Fetal Diagnosis and Therapy Center
The Fetal Diagnosis and Therapy Center is a multi-institutional collaboration between Baptist Health, Regional Obstetric Consultants (ROC), Nemours Children’s Health, Jacksonville and University of Florida College of Medicine, Jacksonville. Learn more
We understand a diagnosis doesn’t feel “rare” when it’s your baby. Our Fetal Diagnosis and Therapy Center assembles the care team you, your baby and family will need while facing this complex medical situation.
Wolfson Children’s Hospital provides cutting-edge technology, specialized experts, and state-of-art equipment at a single location. We’re consistently ranked one of the best hospitals in the United States for children and our NICU is Level 4, the highest there is. Rest assured you and your baby are in good hands.
Wolfson Specialist Teams for CDH
You and your child’s care team includes focused attention by the most practiced specialists around, and compassionate, family-centered care in our world-class facility.
- Maternal/Fetal Medicine(Perinatologists)
Fetal Diagnosis and Therapy
- Adult Anesthesiologists
- Adult/Pediatric Cardiologists
- Fetal/Pediatric Radiologists
- Obstetrical Nurses
- Nurse Coordinator
- Social Workers
- Pediatric Anesthesiologists
- Pediatric Surgeons
- Pediatric Cardiologists
- Pediatric Pulmonologists
- Pediatric Gastroenterologists
- Pediatric Physical Medicine Physicians
- Developmental Medicine Pediatricians
- Neonatal Nursing
- Neonatal Respiratory Therapy Technicians
- Pediatric Nutritionists
- Pediatric Occupational Therapists
- Pediatric Speech Therapists
What to Look for in a CDH Center
Care for Mom
Specialists that are available to care for high risk deliveries in state-of-the-art delivery suites with obstetrical nursing and dedicated allied health personnel
Established protocols provide reassurance that mom and baby will be taken care of with consistent excellence, regardless of the time of day or day of the week
Before and After Care
CDH care begins in pregnancy and continues after birth, into childhood and often into adulthood, with multiple specialists involved in a timely sequence
WCH provides a multidisciplinary CDH Team for long-term care after discharge
What is a Congenital Diaphragmatic Hernia (CDH)?
A rare birth defect that occurs in less than 5,000 births annually, Congenital Diaphragmatic Hernias create a hole in the muscle that separates the chest from the abdomen. This hole allows the abdominal organs to grow into the chest during fetal development and interferes with normal lung formation. Upon diagnosis, the condition is classified as mild, moderate or severe, depending on the degree of lung compression. Hernias may present on the left, right or anterior side of the diaphragm.
How is CDH diagnosed?
Routine fetal ultrasounds measure and identify where the vital organs are forming. Organ displacement triggers concern, as does the Lung to Head Ratio (LHR.) Stronger diagnostic imaging can locate the hernia and clarify the extent of the defect so that a treatment plan can be in place before the birth. Babies born with diaphragmatic hernias usually require extensive lung support at birth and plans should be made to deliver at a hospital with a Level 4 NICU.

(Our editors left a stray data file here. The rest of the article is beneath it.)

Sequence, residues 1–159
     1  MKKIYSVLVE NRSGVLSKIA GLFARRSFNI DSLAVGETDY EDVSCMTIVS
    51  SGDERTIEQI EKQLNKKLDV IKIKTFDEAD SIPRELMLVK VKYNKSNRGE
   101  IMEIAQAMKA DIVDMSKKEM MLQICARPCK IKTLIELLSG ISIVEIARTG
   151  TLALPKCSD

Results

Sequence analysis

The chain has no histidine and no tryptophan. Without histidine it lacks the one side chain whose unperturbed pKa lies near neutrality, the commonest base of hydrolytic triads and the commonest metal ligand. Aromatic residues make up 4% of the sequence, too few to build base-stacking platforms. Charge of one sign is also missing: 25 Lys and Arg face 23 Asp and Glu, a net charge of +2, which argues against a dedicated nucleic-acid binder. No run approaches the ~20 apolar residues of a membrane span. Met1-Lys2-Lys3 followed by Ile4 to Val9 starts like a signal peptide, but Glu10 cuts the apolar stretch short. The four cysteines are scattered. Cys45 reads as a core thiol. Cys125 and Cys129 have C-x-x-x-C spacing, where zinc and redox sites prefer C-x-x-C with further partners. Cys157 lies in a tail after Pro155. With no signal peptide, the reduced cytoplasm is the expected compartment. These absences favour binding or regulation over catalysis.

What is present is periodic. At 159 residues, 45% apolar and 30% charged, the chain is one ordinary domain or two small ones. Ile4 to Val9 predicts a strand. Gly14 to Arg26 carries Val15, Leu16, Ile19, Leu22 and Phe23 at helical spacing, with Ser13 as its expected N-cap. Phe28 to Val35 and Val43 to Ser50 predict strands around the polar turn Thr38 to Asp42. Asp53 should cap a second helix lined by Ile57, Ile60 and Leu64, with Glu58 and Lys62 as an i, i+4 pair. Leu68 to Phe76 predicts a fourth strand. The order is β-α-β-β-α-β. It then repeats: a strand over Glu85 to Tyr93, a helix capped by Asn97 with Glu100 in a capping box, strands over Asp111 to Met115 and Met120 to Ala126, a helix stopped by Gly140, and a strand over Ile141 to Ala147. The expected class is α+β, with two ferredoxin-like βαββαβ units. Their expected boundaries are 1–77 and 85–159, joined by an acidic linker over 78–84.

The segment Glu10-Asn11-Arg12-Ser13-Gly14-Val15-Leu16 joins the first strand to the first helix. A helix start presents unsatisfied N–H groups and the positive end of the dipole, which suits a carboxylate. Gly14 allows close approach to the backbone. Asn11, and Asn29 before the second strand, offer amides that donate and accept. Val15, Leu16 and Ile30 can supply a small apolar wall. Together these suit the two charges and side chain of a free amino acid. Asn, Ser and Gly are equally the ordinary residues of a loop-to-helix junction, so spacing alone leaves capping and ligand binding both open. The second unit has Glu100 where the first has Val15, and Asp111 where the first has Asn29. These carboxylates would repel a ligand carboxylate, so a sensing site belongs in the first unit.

Congenital Diaphragmatic Hernia Types
There are three different types of CDH, with the majority of them (95%) being what’s known as a Bochdalek hernia. Morgagni hernias and diaphragm eventrations are rarer. Hernias are typed according to size and location. The surgeons and care team at Wolfson are equipped to treat all types of Congenital Diaphragmatic Hernia.
How does CDH change prenatal care?
Because your baby requires specialized treatment, your prenatal care will involve further evaluation. You’ll transition from your obstetrician to a Perinatologist and consult with pediatric surgeons and organ specialists, coordinated by your Team Care at Wolfson’s Center for Fetal Diagnosis and Therapy (CFDT). Expectant mothers usually undergo further ultrasounds and an MRI with a special computer program that measures your baby’s lung-to-head ratio (LHR) and severity of lung compression. This combined effort will confirm the diagnosis and type, identify the severity of the defect, and assist in the planning for your baby’s care after birth.
Where should a baby with CDH be delivered?
Due to the heightened risk of respiratory distress and other problems at birth, babies with CDH require delivery at a birth center attached to the highest-level NICU. The maternity suites at Baptist Jacksonville are adjacent to our Level 4 NICU. We’re equipped with state-of-the-art equipment, teams of experts, and heart-lung bypass machines that can perform the work of the heart and lungs while these organs rest and develop.
What happens after a baby is born with CDH?
Depending on the severity of your baby’s CDH, their long-term needs will vary. They will be assessed by experts on your care team, who will assess their lungs, feeding challenges, motor and neurocognitive development, and spine. The clinical team maintains contact with your pediatrician and provides long-term care.
Coming to Wolfson
Supportive and Family-Centered Care
Our experienced team understands the impact a medically sensitive situation can have on a family. We strive to attentively support your needs for timely information, easy access to resources, and a caring medical sequence.
Relocating to Jacksonville
If you elect to proceed and travel to Jacksonville, we’re here to help answer your questions. The Nurse Coordinator for the Center for Fetal Diagnosis and Therapy (CFDT) will assist and facilitate your appointments and/or studies. Our Out-of Town Packet and Visitor Guide includes local directions, maps, air travel information, accommodations, and other services. Ronald McDonald House is located nearby.
Jill Craven, RN